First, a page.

My Secret Diamond MineJuly 01, 10
Conventional wisdom holds that we are suffering from a shortage in rough diamonds. Rough traders in
In many ways, it's hiding in plain sight. Proof of its existence is that the country where this mine exists, exports more rough than it imports. Oddly, while many of us in the industry have visited this country, none of us visited the mine.
Here are some more details, for the benefit of the entire diamond industry: The goods are low cost, and the mine is not very rich, but cost of production is close to zero. The profit margins should be huge. According to the latest figures supplied by that country's government, in the first four months of 2010, net exports totaled 171,468 carats, at an average value of about $278 per carat – a small stream of $47.7 million worth of goods.
In 2009, the country exported, on average, a net of 19,214.40 carats of rough every month at an average value of $310.58 p/c – nearly $6 million worth of rough every month, about $72 million for the year.
According to (yet to be published) Kimberley Process documents,
One last fact about the country: Its KP certification policies are so lax that NGOs around the world are surely losing sleep over this rogue country. In fact, one must wonder how KP is letting this happen right under their nose, without sending a review mission to investigate this covert supply to the market.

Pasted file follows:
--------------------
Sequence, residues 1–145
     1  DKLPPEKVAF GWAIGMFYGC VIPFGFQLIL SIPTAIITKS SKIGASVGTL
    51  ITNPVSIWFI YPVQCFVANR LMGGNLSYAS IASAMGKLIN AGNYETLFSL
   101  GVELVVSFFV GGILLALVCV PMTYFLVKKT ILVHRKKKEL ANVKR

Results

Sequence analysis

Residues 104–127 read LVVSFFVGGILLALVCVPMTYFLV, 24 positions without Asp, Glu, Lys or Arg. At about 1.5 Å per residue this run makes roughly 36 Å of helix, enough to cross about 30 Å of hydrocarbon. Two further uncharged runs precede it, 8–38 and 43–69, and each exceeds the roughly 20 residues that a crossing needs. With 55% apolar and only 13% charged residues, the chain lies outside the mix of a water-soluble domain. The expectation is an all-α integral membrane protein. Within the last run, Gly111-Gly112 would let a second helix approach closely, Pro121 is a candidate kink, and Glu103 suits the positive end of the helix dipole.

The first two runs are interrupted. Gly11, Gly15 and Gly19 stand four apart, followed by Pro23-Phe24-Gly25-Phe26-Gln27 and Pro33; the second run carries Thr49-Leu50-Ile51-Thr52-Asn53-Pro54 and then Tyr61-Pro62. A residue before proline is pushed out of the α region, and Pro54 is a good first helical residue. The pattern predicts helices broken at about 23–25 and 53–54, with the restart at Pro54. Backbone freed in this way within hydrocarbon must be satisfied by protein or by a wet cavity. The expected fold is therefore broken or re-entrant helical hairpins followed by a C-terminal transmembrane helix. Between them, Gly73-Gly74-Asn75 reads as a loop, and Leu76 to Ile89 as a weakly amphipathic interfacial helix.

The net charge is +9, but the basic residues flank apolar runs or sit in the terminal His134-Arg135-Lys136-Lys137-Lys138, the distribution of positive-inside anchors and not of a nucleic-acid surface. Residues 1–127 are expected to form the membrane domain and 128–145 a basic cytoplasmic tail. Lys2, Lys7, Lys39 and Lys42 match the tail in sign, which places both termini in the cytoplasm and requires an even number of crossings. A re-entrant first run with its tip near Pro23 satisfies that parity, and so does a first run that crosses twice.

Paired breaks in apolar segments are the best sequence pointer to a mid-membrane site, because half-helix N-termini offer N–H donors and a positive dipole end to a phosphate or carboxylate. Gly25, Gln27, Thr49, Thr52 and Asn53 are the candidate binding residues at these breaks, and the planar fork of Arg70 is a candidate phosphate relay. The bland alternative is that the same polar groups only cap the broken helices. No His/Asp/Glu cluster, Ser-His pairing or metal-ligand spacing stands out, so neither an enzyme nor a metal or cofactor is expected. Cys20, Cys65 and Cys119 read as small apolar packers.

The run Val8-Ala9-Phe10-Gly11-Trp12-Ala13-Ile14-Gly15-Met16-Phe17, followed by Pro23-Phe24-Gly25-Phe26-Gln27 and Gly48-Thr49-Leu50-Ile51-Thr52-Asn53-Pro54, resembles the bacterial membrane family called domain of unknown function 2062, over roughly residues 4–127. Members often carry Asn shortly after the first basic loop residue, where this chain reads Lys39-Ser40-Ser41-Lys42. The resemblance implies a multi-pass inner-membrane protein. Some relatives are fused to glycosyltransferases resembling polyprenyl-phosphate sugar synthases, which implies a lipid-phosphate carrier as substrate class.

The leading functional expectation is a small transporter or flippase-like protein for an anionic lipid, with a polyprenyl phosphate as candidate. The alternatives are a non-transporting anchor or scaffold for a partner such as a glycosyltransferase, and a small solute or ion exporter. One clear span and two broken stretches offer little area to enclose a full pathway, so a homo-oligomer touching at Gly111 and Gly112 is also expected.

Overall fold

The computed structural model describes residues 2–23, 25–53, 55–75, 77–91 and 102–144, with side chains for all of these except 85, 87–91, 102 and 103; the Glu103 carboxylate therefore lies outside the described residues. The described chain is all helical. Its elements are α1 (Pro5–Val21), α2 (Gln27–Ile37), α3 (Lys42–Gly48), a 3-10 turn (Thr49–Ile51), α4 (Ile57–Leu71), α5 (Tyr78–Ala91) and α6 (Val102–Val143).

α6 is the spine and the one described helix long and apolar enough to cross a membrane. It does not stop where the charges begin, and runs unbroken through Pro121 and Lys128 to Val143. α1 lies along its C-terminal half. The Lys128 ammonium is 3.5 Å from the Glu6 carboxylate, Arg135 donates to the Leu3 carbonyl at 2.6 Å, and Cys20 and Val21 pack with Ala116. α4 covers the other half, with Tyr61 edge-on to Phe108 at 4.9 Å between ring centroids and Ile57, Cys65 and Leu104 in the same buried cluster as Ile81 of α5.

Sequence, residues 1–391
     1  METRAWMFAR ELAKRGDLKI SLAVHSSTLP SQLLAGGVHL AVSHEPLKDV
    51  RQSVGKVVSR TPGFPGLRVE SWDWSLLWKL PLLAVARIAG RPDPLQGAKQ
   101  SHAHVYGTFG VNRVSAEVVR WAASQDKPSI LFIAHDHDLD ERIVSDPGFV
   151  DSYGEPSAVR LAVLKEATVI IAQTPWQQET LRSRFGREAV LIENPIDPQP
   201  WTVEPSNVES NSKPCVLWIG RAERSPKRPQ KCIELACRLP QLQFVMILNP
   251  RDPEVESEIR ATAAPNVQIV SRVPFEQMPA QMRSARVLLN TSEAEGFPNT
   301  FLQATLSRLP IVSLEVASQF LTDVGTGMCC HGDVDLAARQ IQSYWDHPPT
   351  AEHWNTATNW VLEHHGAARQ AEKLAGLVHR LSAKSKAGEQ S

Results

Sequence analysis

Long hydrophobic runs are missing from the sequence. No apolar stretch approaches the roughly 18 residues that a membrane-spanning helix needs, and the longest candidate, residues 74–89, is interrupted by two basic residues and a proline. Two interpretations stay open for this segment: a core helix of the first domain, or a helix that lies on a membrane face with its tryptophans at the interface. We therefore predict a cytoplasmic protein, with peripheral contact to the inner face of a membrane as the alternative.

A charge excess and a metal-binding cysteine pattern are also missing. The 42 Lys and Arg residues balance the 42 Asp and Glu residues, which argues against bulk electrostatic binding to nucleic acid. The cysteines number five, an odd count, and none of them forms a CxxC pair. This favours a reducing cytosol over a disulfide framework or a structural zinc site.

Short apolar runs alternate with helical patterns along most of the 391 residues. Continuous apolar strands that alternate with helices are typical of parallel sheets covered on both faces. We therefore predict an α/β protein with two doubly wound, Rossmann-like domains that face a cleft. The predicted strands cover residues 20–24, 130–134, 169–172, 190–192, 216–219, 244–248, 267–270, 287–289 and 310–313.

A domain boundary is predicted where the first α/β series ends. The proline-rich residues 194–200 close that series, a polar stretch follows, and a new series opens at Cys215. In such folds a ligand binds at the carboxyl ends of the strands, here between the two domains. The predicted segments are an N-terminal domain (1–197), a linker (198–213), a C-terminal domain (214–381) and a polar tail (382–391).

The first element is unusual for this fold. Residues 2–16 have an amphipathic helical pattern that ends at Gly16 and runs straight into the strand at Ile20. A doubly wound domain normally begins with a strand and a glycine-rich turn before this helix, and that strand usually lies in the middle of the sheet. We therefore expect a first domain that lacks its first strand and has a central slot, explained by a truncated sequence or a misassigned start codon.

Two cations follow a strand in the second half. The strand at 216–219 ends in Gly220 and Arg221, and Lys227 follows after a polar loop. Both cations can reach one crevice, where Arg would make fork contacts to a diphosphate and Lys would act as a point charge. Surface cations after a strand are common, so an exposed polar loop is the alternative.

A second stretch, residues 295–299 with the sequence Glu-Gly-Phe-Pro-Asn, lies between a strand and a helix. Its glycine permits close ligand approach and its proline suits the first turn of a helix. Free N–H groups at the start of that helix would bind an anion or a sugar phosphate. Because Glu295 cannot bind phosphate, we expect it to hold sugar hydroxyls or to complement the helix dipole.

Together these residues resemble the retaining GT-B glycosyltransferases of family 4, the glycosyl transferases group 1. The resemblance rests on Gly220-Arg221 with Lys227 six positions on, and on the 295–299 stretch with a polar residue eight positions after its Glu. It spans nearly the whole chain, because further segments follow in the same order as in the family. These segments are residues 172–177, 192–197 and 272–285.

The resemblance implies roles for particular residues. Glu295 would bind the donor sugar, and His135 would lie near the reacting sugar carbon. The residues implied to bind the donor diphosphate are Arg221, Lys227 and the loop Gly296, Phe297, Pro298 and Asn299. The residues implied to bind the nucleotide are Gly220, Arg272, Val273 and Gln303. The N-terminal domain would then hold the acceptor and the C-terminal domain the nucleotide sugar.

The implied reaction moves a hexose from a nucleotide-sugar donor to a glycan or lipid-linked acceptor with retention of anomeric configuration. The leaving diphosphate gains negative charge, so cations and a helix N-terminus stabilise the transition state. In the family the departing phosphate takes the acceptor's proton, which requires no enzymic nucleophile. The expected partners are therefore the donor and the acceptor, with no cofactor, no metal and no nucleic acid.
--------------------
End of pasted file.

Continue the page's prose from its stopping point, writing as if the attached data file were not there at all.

Earlier this month, I took four flights over this country, and searched intently for this mine. It was hidden well and we were unable to spot it from above. I do, however, trust the strict documentation as proof to the mine's existence – how else could a country export more than it imports?
This clandestine mine lives and breaths not in
The existence of the mine is not a bona fide fact, but a conclusion. How else can the
Maybe the answer is not a diamond mine or existing stocks. At one of the recent KP/Zimbabwe sessions,
The sad conclusion is that, based on official Department of Commerce and KP figures, many goods must be smuggled into the
Basically, anyone can bring goods into the
If we don't find that elusive mine in the U.S., maybe we should look for ways to close a loophole in our most important consumer market and save us from the embarrassment that comes from a front page article in the New York Times or the Wall Street Journal.